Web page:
That honor this season goes to SMU, which is 8-0 after beating Houston on Thursday night. This is the first time since 1984 SMU has started this hot, and the specter of an undefeated regular season appears within reach. For a school ravaged for decades by the death penalty, it’s a generational comeback story.

SMU’s biggest remaining obstacle is playing at Memphis next week. The Tigers outlasted Tulsa, 42-41, on Saturday night. Both Memphis (7-1) and No. 16 SMU deserve to be ranked in that game.

If the Mustangs reach the AAC title game, they’d likely play No. 18 Cincinnati, as the Bearcats are headed toward another double-digit win season under Luke Fickell. It’s reasonable to argue that the AAC is deeper than the ACC this season, as that league is struggling to find footing outside of undefeated and untested Clemson.

Navy flips the switch

The other big story in the AAC is the re-emergence of Navy in the league title race. Navy is 6-1 and 4-1 in AAC play after winning one of Saturday’s most exhilarating games, as Bijan Nichols drilled a 48-yard game winning field goal to deliver a 41-38 victory over Tulane.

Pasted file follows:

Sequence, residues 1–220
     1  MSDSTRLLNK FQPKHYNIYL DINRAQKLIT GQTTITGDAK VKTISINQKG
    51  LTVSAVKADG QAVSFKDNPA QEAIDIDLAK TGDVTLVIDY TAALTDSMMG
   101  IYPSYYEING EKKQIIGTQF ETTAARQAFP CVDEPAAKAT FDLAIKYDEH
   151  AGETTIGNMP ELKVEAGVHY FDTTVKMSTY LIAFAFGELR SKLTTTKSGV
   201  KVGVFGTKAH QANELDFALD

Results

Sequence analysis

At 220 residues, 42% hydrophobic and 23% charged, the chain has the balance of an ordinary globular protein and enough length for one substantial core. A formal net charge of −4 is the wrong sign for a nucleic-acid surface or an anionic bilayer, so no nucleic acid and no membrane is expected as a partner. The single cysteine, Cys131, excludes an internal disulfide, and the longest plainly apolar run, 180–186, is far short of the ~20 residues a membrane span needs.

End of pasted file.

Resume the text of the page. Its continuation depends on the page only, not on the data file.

Navy atoned for squandering a 24-0 lead, as it held on in frenetic fashion. The high final score obscures one of the country’s most impressive defensive turnarounds. In the offseason, Navy coach Ken Niumatalolo overhauled his defensive staff in the wake of a 3-10 season.

Navy finished No. 103 in scoring defense last year at 33.5 points per game. Niumatalolo brought in little-known Brian Newberry from Kennesaw State, who had a strong statistical record at the FCS level.

Navy entered the game No. 12 in scoring defense at 16.2 points. And while that number will be inflated a bit, it’s still remarkable considering they started the day giving up more than half as many points as the season before.

Look for Navy to enter its Nov. 16 game at Notre Dame with a 7-1 record and be a factor in AAC play to the end after one of the offseason’s savviest hires.